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IMM analysis of Indonesian timber imports - growth primarily in pulp, fuel wood and paper

While still dwarfed by domestic production and exports, Indonesia’s imports of timber and timber products are rising in several product groups. Total Indonesian imports of timber and timber products increased 35% to 4.23 million tonnes between 2015 and 2018. In value terms, imports increased 16% to US$1.52 billion. Much of the growth in import quantity has been concentrated in wood (HS 44) products, with a particularly dramatic increase during 2017.

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IMM Annual Report highlights progress in overcoming market constraints to FLEGT-licensed timber

The first IMM EU trade survey in 2017 identified several administrative issues that may have had an impact on the market for FLEGT-licensed timber in the early stages after implementation. First and foremost, there were delays in clearance of shipments for circulation on the European markets due to FLEGT-license mismatches. Some companies also had difficulties adapting to the new administrative procedures involved in importing FLEGT-licensed timber and called for a fully electronic process to reduce administrative effort. Besides these administrative issues, lack of awareness of the Indonesian FLEGT VPA and what it means on the ground was frequently mentioned as undermining market development. 

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Increasing “level of exposure” to verification of EU trade flows

Assessing the current availability of third party verified products in the EU market is challenging since no system-wide data is regularly or systematically collected on the actual volume or value of trade in these products. The FSC and PEFC certification frameworks that might be expected to provide such data only publish information on the area of certified forest and the numbers of chain of custody certificates issued.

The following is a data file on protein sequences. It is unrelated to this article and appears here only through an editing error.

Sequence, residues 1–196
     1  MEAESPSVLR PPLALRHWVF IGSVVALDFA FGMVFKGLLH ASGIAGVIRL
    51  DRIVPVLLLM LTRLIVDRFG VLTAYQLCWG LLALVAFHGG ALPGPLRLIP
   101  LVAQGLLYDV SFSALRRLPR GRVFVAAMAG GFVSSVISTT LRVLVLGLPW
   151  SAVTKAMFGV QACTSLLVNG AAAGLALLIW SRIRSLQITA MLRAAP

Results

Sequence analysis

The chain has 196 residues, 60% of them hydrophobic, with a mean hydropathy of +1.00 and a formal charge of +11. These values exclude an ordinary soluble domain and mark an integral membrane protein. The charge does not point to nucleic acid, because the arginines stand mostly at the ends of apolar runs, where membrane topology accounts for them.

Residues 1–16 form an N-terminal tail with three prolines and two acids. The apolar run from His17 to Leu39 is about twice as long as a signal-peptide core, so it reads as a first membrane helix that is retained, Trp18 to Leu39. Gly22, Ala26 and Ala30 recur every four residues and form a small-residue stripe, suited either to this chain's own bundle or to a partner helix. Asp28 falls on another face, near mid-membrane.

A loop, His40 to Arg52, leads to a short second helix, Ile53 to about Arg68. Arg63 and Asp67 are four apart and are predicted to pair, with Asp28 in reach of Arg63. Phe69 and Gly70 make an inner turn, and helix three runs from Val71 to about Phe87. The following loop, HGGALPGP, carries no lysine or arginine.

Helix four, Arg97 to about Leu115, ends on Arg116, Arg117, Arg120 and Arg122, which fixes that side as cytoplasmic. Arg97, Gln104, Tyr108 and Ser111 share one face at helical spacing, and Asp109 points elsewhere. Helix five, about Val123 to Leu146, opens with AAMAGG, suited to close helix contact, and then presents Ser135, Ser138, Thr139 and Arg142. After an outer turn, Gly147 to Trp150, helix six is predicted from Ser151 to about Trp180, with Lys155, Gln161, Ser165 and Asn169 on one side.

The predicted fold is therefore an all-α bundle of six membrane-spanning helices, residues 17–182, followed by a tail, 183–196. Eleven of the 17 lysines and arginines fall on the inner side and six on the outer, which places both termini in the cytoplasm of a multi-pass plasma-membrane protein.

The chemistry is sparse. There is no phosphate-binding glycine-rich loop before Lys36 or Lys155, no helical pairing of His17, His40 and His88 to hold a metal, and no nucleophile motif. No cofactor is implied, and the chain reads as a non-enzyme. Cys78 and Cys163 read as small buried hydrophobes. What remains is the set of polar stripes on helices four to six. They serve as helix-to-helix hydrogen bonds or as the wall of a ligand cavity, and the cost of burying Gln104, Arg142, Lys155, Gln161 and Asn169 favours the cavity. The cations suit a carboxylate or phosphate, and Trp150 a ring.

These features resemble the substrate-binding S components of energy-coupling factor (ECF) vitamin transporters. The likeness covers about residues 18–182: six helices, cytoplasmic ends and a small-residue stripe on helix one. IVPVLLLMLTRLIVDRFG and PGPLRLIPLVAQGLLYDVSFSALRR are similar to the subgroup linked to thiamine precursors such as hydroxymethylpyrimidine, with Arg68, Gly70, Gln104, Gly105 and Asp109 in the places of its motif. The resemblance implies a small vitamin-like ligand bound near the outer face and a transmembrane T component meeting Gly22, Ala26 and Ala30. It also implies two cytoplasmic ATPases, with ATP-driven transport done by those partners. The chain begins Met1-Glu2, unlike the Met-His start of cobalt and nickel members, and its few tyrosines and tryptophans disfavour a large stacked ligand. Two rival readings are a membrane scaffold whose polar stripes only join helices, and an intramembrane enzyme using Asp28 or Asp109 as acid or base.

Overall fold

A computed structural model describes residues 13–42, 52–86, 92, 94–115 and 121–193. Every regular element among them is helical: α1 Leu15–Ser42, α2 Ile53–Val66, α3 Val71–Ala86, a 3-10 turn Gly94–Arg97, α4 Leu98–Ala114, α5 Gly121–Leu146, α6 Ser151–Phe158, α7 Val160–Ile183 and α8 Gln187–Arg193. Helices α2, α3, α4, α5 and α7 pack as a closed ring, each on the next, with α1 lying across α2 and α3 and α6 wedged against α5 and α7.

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EU timber imports from Indonesia increase in value terms

The EU imported 423,000 metric tonnes (MT) of wood products from Indonesia in the year ending May 2019, a 1% reduction compared to 428,000 MT in the year ending May 2018. However, in value terms EU imports from Indonesia increased 9% from €782 million to €855 million in the same period. As the Euro weakened against the US currency during this period, the increase in dollar value was less significant, up 5% from US$932 million to US$976 million.  

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EU imports of tropical wood products gain momentum in 2019

After a dip in 2017 and the early months of 2018, EU imports of tropical wood products recovered ground in the second half of 2018 and gained momentum in the first five months of 2019. EU imports from Indonesia have increased in value terms but remain stubbornly flat in tonnage terms. There was significant recovery in EU imports of sawnwood from Cameroon in the year to May 2019. Most other gains during this period were in imports from countries not engaged in the VPA process, including Brazil, China, India, Panama, and Cuba.